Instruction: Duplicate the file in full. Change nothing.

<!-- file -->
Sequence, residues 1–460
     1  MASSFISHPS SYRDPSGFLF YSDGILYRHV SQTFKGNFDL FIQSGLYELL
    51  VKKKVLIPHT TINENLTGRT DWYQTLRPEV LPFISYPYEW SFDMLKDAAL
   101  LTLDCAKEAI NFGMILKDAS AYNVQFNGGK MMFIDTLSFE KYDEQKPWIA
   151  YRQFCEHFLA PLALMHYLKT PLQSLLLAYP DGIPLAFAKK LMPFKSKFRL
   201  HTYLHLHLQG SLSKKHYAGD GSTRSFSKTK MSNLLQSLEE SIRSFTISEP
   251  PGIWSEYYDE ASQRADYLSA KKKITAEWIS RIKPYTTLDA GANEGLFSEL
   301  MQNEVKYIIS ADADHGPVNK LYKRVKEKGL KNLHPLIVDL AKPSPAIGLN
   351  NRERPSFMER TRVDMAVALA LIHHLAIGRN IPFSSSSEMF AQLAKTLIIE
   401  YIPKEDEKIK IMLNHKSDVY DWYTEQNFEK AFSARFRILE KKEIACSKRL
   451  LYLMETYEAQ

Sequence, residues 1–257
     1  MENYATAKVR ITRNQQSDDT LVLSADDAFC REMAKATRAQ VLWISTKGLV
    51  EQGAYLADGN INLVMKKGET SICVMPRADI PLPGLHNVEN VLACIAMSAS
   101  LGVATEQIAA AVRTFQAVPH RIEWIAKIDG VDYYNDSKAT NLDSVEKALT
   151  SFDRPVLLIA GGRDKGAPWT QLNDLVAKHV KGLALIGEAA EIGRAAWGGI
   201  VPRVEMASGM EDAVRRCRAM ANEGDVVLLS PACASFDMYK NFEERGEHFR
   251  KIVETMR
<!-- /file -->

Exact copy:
Sequence, residues 1–460
     1  MASSFISHPS SYRDPSGFLF YSDGILYRHV SQTFKGNFDL FIQSGLYELL
    51  VKKKVLIPHT TINENLTGRT DWYQTLRPEV LPFISYPYEW SFDMLKDAAL
   101  LTLDCAKEAI NFGMILKDAS AYNVQFNGGK MMFIDTLSFE KYDEQKPWIA
   151  YRQFCEHFLA PLALMHYLKT PLQSLLLAYP DGIPLAFAKK LMPFKSKFRL
   201  HTYLHLHLQG SLSKKHYAGD GSTRSFSKTK MSNLLQSLEE SIRSFTISEP
   251  PGIWSEYYDE ASQRADYLSA KKKITAEWIS RIKPYTTLDA GANEGLFSEL
   301  MQNEVKYIIS ADADHGPVNK LYKRVKEKGL KNLHPLIVDL AKPSPAIGLN
   351  NRERPSFMER TRVDMAVALA LIHHLAIGRN IPFSSSSEMF AQLAKTLIIE
   401  YIPKEDEKIK IMLNHKSDVY DWYTEQNFEK AFSARFRILE KKEIACSKRL
   451  LYLMETYEAQ

Sequence, residues 1–257
     1  MENYATAKVR ITRNQQSDDT LVLSADDAFC REMAKATRAQ VLWISTKGLV
    51  EQGAYLADGN INLVMKKGET SICVMPRADI PLPGLHNVEN VLACIAMSAS
   101  LGVATEQIAA AVRTFQAVPH RIEWIAKIDG VDYYNDSKAT NLDSVEKALT
   151  SFDRPVLLIA GGRDKGAPWT QLNDLVAKHV KGLALIGEAA EIGRAAWGGI
   201  VPRVEMASGM EDAVRRCRAM ANEGDVVLLS PACASFDMYK NFEERGEHFR
   251  KIVETMR